Variable                                                          Para       S.E.  Para       S.E.        Para    S.E.
Elig dummy* effective program days                                0.134     0.044 0.025      0.020       0.025 0.021
Elig dummy * |∆GPM| * effective program days                       No        No    0.097     0.026       0.095 0.025
Inelig dummy* effective program days                             -0.087     0.033 -0.081     0.029       -0.081 0.030
Inelig dummy * |∆GPM| * effective program days                     No        No    0.024     0.029       0.029 0.028
Elig dummy* effective pre/post- days                             -0.014     0.006 -0.006     0.004       -0.002 0.005
Elig dummy* |∆GPM| * effective pre/post- days                      No        No   -0.005     0.004       -0.005 0.004
Inelig dummy* effective pre/post-days                            0.003      0.006 -0.014     0.006       -0.010 0.006
Inelig dummy * |∆GPM| * effective pre/post- days                   No        No    0.026     0.006       0.025 0.006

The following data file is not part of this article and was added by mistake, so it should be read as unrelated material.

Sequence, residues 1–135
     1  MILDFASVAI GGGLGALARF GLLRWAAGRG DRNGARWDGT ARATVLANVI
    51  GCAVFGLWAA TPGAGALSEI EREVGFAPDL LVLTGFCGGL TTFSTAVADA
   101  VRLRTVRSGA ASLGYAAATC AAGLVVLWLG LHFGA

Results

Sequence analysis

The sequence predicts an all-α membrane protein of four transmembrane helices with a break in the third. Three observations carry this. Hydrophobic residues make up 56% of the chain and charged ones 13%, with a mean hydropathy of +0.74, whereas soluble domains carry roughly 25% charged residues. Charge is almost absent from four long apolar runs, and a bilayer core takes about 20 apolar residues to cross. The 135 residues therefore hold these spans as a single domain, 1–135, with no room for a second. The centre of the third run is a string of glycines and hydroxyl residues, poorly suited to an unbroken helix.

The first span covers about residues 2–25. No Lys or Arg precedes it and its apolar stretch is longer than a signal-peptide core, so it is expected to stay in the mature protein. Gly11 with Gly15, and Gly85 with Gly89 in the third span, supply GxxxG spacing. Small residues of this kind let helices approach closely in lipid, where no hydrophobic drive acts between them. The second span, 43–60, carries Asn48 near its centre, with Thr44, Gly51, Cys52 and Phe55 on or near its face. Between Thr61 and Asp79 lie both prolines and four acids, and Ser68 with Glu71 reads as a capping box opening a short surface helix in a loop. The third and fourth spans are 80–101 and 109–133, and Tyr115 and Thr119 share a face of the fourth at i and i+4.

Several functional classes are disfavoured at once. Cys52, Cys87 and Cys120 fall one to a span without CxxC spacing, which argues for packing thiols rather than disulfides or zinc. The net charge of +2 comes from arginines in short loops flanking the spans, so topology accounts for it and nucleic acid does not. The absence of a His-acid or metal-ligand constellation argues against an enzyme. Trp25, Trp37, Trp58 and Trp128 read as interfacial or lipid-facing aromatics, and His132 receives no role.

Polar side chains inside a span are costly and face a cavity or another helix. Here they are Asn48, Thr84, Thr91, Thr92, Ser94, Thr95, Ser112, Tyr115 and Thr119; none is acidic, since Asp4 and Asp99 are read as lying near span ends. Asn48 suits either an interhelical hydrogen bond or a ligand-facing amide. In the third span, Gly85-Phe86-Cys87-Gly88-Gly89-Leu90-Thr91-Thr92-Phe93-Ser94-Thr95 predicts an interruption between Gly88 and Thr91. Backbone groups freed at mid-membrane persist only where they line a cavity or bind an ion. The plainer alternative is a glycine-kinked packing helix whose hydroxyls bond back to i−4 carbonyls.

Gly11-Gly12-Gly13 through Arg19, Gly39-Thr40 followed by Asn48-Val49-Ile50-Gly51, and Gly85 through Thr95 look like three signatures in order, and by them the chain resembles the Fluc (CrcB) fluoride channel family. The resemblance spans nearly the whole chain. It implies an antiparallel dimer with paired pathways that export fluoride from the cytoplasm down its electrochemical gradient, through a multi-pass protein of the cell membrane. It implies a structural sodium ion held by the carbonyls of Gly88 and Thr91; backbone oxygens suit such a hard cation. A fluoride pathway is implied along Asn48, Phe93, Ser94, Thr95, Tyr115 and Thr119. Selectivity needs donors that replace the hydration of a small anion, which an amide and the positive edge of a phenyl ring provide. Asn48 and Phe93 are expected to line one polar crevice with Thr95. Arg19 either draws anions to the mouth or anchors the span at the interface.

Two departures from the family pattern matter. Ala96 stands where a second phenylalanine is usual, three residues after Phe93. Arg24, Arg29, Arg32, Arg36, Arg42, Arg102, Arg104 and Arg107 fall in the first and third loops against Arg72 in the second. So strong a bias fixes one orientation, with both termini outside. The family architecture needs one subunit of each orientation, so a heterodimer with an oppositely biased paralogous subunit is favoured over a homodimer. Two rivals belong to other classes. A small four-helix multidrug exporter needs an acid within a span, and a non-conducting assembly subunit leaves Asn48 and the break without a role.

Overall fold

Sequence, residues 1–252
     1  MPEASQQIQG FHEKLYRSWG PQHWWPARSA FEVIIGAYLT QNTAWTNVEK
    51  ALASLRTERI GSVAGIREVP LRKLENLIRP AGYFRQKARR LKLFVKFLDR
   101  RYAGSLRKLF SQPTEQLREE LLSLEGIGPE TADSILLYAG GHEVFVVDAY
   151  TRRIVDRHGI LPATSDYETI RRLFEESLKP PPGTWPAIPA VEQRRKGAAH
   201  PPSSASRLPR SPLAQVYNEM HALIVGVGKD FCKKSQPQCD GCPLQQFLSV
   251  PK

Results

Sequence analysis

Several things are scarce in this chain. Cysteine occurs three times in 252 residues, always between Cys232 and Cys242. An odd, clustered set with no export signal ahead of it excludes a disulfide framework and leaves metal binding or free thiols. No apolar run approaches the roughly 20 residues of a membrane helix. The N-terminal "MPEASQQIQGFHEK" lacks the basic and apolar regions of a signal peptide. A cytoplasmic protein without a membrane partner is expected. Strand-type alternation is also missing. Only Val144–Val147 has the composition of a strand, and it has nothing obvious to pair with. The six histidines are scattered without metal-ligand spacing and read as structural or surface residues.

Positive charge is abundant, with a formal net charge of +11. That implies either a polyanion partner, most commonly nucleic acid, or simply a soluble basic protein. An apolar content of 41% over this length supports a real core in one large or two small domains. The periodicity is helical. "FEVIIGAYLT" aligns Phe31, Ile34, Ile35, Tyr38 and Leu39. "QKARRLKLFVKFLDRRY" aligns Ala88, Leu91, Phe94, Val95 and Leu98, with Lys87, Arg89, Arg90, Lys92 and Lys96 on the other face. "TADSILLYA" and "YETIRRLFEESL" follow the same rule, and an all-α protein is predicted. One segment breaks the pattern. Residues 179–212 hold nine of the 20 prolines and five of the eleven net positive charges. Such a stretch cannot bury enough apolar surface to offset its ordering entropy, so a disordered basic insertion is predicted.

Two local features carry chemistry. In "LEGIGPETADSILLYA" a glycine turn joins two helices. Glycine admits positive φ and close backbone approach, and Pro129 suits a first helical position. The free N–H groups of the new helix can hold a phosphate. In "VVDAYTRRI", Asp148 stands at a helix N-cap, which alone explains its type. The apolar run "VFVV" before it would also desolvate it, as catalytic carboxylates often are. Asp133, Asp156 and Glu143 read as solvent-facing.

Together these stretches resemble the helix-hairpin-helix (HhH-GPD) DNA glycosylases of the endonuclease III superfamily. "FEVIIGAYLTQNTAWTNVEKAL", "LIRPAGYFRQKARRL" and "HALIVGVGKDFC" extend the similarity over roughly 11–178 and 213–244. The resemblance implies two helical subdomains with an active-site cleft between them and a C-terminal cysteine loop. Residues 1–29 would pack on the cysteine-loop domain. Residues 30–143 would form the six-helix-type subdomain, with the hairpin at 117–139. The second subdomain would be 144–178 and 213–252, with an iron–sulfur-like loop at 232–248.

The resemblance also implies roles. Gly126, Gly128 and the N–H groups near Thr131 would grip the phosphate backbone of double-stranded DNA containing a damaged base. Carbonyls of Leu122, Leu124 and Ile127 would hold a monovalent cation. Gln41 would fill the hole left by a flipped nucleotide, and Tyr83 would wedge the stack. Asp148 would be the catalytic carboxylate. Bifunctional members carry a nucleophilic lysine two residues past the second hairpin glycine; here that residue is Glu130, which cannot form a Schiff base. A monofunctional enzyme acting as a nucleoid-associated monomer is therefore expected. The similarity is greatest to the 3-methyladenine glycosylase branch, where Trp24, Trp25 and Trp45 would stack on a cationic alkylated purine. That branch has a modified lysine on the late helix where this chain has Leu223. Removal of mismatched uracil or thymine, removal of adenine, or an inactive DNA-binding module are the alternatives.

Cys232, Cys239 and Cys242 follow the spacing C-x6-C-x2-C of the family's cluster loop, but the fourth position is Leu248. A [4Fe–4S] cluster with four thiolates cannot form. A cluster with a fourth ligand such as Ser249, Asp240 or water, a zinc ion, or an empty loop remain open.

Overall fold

Month gas price (p1)                                              0.024     0.092 -0.063     0.085       -0.008 0.089
Quarter gas price (p2)                                           -0.771     0.208 -0.521     0.163       -0.678 0.207
DPM1 (p1/MPG)                                                    -6.795     1.203 -5.475     1.093       -6.665 1.183
DPM2 (p2/MPG)                                                    11.879     2.695 8.430      2.566       9.487 2.666
  # (logistic growth during program)                              1.578     0.308 1.225      0.230       1.211 0.225
  $ (logistic growth pre-program)                                 0.091     0.561 1.614      1.492       2.203 2.633
  % (logistic growth post-program)                                0.264     0.174 0.090      0.055       0.071 0.056
Product fixed effects (1436)                                       Yes              Yes                   Yes
Economic variables (8)                                             Yes              No                    Yes
More fixed effects (70)                                            Yes              Yes                   Yes
J-statistics                                                      6.157           11.909                 13.866
Note: These are estimation results for equations (1) and (5) using two-step GMM method. The number of observation is
16,814. Effective program days and effective pre-/post-days are defined using logistic growth function according to
equations (2)-(4). |∆GPM| is the absolute difference between the GPM of the vehicle and the eligibility requirement.




                                                          47